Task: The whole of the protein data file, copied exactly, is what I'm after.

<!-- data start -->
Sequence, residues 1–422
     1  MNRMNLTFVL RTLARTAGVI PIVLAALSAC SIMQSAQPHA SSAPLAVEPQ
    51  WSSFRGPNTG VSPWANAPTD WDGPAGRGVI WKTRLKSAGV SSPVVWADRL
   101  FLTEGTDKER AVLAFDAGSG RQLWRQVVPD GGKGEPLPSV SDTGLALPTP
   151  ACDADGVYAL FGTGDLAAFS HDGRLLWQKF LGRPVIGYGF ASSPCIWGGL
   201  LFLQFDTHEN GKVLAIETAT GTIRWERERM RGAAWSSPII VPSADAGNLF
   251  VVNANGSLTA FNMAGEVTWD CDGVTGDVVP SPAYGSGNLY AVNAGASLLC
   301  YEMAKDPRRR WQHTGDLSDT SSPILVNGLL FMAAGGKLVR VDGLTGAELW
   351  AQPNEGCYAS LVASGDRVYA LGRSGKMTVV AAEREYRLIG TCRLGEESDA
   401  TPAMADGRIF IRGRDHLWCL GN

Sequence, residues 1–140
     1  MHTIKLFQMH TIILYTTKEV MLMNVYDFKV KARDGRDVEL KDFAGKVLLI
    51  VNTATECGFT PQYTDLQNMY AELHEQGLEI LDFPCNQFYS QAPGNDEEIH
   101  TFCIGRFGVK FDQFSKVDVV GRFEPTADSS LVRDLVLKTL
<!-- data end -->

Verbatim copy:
Sequence, residues 1–422
     1  MNRMNLTFVL RTLARTAGVI PIVLAALSAC SIMQSAQPHA SSAPLAVEPQ
    51  WSSFRGPNTG VSPWANAPTD WDGPAGRGVI WKTRLKSAGV SSPVVWADRL
   101  FLTEGTDKER AVLAFDAGSG RQLWRQVVPD GGKGEPLPSV SDTGLALPTP
   151  ACDADGVYAL FGTGDLAAFS HDGRLLWQKF LGRPVIGYGF ASSPCIWGGL
   201  LFLQFDTHEN GKVLAIETAT GTIRWERERM RGAAWSSPII VPSADAGNLF
   251  VVNANGSLTA FNMAGEVTWD CDGVTGDVVP SPAYGSGNLY AVNAGASLLC
   301  YEMAKDPRRR WQHTGDLSDT SSPILVNGLL FMAAGGKLVR VDGLTGAELW
   351  AQPNEGCYAS LVASGDRVYA LGRSGKMTVV AAEREYRLIG TCRLGEESDA
   401  TPAMADGRIF IRGRDHLWCL GN

Sequence, residues 1–140
     1  MHTIKLFQMH TIILYTTKEV MLMNVYDFKV KARDGRDVEL KDFAGKVLLI
    51  VNTATECGFT PQYTDLQNMY AELHEQGLEI LDFPCNQFYS QAPGNDEEIH
   101  TFCIGRFGVK FDQFSKVDVV GRFEPTADSS LVRDLVLKTL